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Pond and Lake Ecosystems. eco - environment System--- complex coordinated units. So system is a collection of interdependent parts of events that make.

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Presentation on theme: "Pond and Lake Ecosystems. eco - environment System--- complex coordinated units. So system is a collection of interdependent parts of events that make."— Presentation transcript:

1 Pond and Lake Ecosystems

2 eco - environment System--- complex coordinated units. So system is a collection of interdependent parts of events that make up a complete structure. Energy from the sun, the input is fixed by green plants and transferred to animals. Nutrients are taken up by plants and animals where they are deposited, cycled from one feeding group to another, liberated by decomposition to the water, soil, and air (output). Thus, the nutrients and energy that comprising an integral part of the entire system, keeps the biosphere functioning. Water is a most essential and important abiotic factor of pond and lake ecosystems. It also forms the habitat for a large variety of plants and animals. These ecosystems are called as freshwater lentic ecosystems.

3 Freshwater pond and lake ecosystems involve a gradient from lakes to ponds to bogs (A bog is a wetland that accumulates peat, a deposit of dead plant material) marshes and swamps. Freshwater lentic ecosystems have low percentage of dissolved salts and subjected to the physical and chemical factors. Wide or slight fluctuations of factors significantly affect the fauna, altering their distribution, concentration, growth and existence.

4 Physico-Chemical Nature of Freshwater Fish has its own specific and unique set of environmental requirement for survival, growth and reproduction potentials. Unless environmental requirements are uniformly distributed, it is beyond possible to live fish in any ecosystem. Some important factors of pond and lake ecosystems are 1.Density 2.Pressure 3.Buoyancy 4.Temperature 5.Light 6.Oxygen 7.carbon dioxide 8.Salinity 9.pH of water

5 Density The density of water varies inversely with temperature and directly with the concentration of dissolved substances. Generally dissolved inorganic and organic salts increase the density of water. Thus, the density of a freshwater bodies is much less than that of the sea. The condition termed as Hypersalinity when evaporation of water from ponds and lakes takes place during summer season, the concentration of salts becomes higher. In contrast, salt concentration during rainy season becomes lower which is termed as hyposalinity.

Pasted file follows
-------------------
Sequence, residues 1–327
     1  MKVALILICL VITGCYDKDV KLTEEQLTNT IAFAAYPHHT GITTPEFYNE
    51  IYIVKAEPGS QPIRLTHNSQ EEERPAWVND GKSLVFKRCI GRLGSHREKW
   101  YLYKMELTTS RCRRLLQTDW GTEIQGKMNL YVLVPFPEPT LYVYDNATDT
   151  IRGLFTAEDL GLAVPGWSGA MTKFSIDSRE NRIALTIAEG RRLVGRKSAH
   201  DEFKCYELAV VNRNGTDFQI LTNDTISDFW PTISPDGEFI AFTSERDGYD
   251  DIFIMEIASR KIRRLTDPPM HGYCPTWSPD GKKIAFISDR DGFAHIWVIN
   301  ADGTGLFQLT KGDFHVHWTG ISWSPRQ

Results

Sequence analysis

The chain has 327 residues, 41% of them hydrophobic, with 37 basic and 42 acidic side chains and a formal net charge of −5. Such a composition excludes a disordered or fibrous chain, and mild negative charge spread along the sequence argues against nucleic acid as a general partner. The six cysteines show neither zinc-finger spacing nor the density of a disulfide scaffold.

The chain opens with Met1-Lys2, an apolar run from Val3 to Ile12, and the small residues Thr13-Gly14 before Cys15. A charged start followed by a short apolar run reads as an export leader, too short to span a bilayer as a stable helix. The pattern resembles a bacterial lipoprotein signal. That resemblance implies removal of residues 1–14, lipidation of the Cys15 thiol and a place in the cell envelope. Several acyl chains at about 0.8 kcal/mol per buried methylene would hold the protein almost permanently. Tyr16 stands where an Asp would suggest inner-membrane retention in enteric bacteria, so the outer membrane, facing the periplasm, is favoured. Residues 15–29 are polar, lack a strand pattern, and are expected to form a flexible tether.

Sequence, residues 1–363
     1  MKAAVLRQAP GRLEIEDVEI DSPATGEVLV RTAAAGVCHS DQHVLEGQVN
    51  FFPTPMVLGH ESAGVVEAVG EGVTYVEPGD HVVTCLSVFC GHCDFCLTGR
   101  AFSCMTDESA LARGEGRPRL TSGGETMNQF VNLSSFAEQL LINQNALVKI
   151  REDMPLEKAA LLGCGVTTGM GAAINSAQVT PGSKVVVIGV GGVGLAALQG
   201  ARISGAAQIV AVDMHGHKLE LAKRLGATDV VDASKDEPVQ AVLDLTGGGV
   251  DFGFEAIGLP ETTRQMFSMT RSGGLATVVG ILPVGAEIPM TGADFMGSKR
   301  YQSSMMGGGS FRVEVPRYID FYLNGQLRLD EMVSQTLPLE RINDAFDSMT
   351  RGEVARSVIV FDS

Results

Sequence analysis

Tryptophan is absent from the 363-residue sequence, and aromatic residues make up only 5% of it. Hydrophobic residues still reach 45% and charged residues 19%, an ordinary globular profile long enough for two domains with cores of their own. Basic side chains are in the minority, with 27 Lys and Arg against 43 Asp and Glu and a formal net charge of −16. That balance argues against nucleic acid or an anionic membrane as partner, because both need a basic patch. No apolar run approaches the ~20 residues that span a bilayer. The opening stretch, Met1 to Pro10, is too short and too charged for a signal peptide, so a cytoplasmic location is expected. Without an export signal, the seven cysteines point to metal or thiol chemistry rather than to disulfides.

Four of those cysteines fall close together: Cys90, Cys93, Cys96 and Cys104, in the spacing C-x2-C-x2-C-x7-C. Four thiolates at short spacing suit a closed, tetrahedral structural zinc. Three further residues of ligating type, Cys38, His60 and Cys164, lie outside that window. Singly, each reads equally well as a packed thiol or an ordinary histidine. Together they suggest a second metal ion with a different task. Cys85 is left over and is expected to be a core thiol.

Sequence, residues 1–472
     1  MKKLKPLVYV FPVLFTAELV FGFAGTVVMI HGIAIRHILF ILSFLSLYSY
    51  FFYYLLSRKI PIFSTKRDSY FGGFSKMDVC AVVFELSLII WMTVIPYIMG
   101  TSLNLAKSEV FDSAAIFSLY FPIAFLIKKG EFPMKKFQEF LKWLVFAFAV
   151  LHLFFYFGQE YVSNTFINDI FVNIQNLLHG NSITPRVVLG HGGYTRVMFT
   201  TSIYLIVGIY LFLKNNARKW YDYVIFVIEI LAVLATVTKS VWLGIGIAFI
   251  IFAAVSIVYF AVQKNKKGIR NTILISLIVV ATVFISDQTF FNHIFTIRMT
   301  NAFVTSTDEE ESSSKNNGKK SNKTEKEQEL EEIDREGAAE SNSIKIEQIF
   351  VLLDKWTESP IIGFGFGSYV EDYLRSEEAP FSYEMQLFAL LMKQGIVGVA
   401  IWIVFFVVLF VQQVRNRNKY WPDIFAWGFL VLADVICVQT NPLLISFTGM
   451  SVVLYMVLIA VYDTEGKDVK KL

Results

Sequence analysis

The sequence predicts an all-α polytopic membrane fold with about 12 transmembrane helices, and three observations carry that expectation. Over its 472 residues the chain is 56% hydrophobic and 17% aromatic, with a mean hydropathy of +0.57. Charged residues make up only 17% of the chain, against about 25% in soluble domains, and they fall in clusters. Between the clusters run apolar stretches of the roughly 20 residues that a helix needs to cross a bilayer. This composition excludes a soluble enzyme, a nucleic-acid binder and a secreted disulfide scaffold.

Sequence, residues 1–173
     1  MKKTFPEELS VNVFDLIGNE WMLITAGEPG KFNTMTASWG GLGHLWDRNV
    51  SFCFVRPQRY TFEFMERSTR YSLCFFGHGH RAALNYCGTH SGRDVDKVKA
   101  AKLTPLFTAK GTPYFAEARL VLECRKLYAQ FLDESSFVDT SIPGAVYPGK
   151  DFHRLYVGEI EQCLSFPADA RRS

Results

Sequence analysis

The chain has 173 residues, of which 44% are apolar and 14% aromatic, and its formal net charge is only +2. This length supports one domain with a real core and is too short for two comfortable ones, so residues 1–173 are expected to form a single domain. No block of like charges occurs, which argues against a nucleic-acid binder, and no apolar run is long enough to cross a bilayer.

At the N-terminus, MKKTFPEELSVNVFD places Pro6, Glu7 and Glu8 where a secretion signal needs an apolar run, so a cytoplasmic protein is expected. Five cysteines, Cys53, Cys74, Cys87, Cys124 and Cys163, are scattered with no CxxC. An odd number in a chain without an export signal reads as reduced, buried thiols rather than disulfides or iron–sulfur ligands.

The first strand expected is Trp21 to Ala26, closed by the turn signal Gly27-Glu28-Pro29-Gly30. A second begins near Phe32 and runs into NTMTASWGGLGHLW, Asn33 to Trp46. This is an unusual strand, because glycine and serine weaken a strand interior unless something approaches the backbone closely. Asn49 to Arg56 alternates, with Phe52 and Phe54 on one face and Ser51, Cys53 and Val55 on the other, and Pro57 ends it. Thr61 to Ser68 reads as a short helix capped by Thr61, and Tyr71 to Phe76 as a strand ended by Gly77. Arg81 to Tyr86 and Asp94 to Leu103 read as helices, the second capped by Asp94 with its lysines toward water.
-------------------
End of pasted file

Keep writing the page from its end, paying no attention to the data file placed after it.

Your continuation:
6 Pressure In different freshwater environments, pressure is very less than in the sea, and aquatic animals appear to adjust them readily. The pressure of water on pond and lake- dwelling animals is combination of the weight of the water column and weight of the air.

7 Buoyancy The buoyancy of aquatic animals is equal to the weight of the water it displaces. It varies with the density of water and is influenced by viscosity and temperature of water. Fish keep stations by swimming movements by fins or by decreasing the specific gravity of the body with the help of air bladder.

8 Temperature Temperature of ponds and lakes exhibits an unique fluctuations and diurnal as well as seasonal fluctuations of temperatures are evident than in marine ecosystems. For example, a diurnal variation range of 4.8-5.0 °C is evident in tropical fish ponds with an average depth of 3 meters. On the other hand, in a polluted shallow moat with an average depth of 1.5 meters, the lowest and highest temperature at night and day times were 26.6 and 32.0°C, respectively.

9 Classification of ponds and lakes on the basis of thermal stratification 1)Temperate lakes/ponds: Surface temperatures differ below and above 4°C. 2) Tropical lakes/ponds: Surface temperatures are always maintained above 4°C. 3) Polar lakes/ponds: Surface temperatures never go above 4°C.

10 Thermal stratification phenomenon is controlled by the seasons and has a significant impact on the survival and existence of aquatic life. Increasing and decreasing temperatures cause a fall and rise in metabolism, respectively, resulting in decrease or increase rate of food consumption. The extremes of higher and lower temperature have lethal effects on aquatic animals. For example, temperature above 35°C or below 14 °C are reported to be lethal for Macrobrachium malcolmsonii and they prefer at temperature range below 29 and 31°C.